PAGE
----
As Kevin Drum says, if we have to say Gays are inferior to get their votes, well we will just have to do without their votes, but surely we can say "blessed are the meak" and "do unto others as you would be done to"(without crediting Hillel cause after 1980 years the statute of limitations for plagiarism has run out). By the way, Barack Obama better not recite the sermon on the mount in the original Aramaic or he will sound like a megalomaniac.
I am and have always been an atheist as are my parents (who, by the way, exemplify the Christian virtues better than anyone I know and therefore better than any Christian I know). However, I have a view much more radical than those expressed by Kleiman. I don't follow Christ and I don't agree with many things he said, for one thing I am not an absolute pacifist, for another I do not believe that the truth will set us free. I think that truth is over rated. I think it is better to believe in a purpose which caused the universe and life after death than to believe what I am sure is the truth. This belief that mistaken beliefs are often better than true beliefs is dangerous and can cause mental conniptions, which, if I am not mistaken, had a lot to do with the origen* of pragmatist philosophy (which I admire in ignorance) and the neocon game (see post above).
* This was a typo but I decided not to correct it, to remind myself of the case of Origen who shows that religious belief can go waaaaay to far "but the primitive church was filled with a great number of persons of either sex, who had devoted themselves to the profession of perpetual chastity. A few of these, among whom we may reckon the learned Origen, judged it the most prudent to disarm the tempter" Ouch.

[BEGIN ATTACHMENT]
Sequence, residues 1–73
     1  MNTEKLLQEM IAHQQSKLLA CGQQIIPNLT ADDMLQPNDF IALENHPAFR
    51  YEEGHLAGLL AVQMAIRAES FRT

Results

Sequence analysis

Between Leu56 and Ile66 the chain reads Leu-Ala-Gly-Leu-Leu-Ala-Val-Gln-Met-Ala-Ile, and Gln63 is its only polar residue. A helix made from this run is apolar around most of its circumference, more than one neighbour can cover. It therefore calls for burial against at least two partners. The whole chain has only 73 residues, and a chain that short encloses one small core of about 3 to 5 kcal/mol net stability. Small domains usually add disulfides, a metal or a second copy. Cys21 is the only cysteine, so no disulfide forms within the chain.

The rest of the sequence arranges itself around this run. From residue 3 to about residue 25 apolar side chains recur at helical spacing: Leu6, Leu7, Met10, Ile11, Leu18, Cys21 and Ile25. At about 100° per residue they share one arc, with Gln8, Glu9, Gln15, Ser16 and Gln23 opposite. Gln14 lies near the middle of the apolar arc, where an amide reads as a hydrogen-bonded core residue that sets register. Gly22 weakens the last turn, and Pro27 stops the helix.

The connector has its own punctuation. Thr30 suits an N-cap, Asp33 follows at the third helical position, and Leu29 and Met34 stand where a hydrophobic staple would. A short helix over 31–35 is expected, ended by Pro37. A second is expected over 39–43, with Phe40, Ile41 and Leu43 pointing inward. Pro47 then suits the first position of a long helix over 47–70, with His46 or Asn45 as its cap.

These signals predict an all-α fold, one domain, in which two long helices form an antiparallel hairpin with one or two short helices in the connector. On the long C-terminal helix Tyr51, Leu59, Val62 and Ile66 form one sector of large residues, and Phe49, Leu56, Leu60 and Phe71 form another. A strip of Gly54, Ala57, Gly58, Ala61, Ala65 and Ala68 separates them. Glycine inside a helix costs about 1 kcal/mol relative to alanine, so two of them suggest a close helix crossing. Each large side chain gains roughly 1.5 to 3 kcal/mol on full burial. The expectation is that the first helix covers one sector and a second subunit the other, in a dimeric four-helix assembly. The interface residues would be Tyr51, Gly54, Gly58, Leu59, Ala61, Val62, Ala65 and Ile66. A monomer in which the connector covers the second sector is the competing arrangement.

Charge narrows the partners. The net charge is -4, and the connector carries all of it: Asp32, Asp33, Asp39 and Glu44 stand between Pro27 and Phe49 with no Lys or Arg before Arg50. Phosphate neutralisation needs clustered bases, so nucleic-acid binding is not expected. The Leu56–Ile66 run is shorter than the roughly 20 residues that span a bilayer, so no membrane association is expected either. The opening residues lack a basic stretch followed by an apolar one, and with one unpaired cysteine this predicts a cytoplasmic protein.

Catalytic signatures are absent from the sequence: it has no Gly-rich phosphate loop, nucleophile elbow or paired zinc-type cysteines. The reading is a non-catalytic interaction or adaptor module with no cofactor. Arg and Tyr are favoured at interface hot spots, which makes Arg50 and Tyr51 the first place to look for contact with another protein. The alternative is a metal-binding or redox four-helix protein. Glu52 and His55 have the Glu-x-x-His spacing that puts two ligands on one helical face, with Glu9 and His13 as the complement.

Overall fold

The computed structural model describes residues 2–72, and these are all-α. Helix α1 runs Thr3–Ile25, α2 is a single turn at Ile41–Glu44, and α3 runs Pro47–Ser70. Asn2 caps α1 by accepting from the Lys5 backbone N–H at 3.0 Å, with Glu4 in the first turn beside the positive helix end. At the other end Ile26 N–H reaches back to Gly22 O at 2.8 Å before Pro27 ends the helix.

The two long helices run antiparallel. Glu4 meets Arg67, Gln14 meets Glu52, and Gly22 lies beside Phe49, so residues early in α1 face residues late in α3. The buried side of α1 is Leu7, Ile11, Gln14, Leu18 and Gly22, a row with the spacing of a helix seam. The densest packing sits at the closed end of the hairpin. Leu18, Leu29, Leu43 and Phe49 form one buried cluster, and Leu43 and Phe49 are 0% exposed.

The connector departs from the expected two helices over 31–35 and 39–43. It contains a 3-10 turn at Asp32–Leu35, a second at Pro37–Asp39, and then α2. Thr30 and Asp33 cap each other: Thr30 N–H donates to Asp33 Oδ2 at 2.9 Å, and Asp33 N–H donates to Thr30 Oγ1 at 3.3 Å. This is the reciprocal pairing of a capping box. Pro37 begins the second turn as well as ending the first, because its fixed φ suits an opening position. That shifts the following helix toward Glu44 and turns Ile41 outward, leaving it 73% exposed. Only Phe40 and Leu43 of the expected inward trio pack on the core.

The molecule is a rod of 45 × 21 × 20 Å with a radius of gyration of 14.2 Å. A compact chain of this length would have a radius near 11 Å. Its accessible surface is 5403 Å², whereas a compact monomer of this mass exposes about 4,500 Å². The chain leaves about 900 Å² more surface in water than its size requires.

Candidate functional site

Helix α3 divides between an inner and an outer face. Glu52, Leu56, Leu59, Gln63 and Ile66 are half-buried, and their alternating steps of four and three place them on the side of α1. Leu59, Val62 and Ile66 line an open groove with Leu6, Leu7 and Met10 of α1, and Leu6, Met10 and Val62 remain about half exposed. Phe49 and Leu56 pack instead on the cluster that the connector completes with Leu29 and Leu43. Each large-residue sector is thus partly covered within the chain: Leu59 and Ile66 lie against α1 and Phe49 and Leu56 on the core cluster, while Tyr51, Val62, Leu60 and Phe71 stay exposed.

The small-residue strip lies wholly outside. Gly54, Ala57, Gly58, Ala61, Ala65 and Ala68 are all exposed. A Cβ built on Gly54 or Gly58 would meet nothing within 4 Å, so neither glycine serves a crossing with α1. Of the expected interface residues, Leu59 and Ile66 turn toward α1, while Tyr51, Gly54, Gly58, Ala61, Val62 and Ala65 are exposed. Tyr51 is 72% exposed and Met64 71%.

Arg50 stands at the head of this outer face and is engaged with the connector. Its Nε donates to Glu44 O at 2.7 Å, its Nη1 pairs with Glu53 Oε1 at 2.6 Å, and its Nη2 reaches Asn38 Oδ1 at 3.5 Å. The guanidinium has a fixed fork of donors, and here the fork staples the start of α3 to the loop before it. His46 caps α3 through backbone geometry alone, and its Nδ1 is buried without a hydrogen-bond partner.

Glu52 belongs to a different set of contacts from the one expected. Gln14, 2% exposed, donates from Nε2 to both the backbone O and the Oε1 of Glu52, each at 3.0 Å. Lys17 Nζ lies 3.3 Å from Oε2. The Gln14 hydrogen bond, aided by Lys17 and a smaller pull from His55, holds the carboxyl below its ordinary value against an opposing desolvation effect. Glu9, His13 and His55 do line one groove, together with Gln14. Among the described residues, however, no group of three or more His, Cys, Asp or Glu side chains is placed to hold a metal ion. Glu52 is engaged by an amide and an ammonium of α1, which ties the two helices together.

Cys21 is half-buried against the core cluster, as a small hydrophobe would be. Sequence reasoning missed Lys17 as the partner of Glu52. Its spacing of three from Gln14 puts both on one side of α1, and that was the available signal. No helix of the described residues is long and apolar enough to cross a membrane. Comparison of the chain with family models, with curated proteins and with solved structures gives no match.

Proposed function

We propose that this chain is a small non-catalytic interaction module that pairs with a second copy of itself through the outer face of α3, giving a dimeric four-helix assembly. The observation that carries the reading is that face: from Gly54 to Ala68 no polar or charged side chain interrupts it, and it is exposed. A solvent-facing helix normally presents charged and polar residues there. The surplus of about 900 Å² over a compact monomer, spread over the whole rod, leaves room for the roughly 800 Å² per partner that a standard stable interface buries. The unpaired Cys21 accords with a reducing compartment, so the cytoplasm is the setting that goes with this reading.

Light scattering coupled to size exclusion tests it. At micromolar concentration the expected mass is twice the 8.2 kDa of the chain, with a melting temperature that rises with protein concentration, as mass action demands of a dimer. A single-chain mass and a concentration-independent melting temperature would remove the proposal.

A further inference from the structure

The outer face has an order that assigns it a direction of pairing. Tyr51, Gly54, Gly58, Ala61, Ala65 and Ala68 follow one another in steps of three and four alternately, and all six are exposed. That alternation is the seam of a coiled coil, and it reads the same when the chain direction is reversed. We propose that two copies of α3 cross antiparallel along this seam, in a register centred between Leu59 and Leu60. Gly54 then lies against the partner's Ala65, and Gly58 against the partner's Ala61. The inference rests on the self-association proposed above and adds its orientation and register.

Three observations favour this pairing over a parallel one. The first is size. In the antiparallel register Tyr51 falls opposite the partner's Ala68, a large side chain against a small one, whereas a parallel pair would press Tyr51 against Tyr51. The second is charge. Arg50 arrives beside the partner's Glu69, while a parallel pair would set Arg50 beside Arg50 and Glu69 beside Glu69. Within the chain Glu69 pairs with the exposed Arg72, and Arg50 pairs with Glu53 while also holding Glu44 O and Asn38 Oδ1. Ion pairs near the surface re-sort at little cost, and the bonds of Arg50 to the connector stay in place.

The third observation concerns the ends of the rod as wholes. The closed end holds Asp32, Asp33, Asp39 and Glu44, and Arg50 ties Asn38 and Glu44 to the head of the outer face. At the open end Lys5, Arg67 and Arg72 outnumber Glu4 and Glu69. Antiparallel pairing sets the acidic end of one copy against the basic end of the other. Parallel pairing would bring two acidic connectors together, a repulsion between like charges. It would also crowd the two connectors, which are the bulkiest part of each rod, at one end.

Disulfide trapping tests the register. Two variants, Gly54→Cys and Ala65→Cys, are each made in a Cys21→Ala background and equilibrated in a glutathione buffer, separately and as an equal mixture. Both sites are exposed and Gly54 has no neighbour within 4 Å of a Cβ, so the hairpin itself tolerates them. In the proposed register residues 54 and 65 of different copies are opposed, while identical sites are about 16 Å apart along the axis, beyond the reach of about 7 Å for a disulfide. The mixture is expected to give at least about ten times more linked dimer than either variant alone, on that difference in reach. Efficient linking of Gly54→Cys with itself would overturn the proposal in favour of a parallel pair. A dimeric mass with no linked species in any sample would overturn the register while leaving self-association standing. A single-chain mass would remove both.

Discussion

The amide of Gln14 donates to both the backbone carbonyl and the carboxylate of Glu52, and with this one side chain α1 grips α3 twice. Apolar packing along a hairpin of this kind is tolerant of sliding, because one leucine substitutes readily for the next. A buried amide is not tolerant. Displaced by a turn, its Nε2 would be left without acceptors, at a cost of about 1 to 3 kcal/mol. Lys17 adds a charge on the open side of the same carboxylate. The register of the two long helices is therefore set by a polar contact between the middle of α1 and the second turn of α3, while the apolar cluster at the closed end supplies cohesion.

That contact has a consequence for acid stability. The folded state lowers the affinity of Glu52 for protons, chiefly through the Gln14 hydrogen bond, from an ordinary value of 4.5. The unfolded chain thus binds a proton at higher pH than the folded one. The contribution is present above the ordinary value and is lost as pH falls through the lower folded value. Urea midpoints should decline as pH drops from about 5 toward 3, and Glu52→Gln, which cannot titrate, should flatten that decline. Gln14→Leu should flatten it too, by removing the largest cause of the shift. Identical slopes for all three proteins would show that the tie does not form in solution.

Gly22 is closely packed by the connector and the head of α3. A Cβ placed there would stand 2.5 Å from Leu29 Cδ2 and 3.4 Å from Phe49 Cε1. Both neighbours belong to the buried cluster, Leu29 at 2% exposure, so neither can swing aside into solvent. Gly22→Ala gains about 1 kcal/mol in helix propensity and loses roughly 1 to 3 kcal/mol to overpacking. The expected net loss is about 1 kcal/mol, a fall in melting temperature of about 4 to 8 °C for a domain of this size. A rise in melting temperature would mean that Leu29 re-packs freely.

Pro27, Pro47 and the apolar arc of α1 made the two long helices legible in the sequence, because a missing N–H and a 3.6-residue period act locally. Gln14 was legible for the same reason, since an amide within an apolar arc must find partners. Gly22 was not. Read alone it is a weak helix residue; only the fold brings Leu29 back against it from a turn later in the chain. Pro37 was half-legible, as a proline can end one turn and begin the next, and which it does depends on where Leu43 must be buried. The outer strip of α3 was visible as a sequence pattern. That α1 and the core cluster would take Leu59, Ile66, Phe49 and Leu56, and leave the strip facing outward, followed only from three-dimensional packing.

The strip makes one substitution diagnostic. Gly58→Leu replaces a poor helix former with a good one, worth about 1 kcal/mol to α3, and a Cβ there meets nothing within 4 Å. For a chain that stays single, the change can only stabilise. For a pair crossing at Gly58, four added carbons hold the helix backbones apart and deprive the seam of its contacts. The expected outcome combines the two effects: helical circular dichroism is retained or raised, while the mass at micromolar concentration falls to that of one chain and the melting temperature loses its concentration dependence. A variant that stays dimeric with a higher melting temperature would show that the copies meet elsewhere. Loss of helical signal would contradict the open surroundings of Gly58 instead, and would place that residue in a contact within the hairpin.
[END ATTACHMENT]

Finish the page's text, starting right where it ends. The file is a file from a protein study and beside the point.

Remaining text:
Sorry Professor Kleiman. I tried to be respectful. It was a typo. The devil made me do it (or would have if there were a devil).
update 2: I see I am more extreme that Kleiman in my willingness to snub Hillel
(Back when a certain rabbi of the School of Hillel was preaching up a storm in Galilee, food taboos had some of the same salience that sexual taboos have now. He didn't make himself popular with the local equivalent of the Traditional Values Coalition or Moral Majority when he pointed out that it's not what goes into your mouth that really pollutes you, since it's all going to wind up in the same sewer, but rather what comes out of it: perjury and slander, for example.)
Also when I sold my soul (for well less than 30 pieces of silver) to google adsense I should have realised I had to be careful about posting about religion. The add linked to a site which claimed that the next Pope will be the antichrist in disguise who will try to establish a New World Order
(I thought, hell after Ratzinger the Anti Christ will be an improvement). They seem to think that Bush was in on the scam. Now that even the total nut cases hate Bush, he is in deep trouble.